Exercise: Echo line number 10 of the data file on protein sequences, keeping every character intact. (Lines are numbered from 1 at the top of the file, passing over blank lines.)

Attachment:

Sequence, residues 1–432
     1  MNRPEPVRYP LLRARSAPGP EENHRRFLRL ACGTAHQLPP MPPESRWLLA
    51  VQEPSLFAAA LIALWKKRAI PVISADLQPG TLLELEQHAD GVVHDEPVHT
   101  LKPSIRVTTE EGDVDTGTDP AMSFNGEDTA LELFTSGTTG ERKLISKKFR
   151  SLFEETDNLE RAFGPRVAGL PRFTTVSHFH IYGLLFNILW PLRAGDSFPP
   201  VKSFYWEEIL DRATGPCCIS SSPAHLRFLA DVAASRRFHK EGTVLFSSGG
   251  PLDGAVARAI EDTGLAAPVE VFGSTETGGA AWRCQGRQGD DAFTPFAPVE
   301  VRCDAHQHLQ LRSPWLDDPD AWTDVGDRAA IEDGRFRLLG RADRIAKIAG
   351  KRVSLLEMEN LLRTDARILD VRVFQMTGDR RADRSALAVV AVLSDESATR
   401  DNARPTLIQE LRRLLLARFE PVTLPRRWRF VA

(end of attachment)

   401  DNARPTLIQE LRRLLLARFE PVTLPRRWRF VA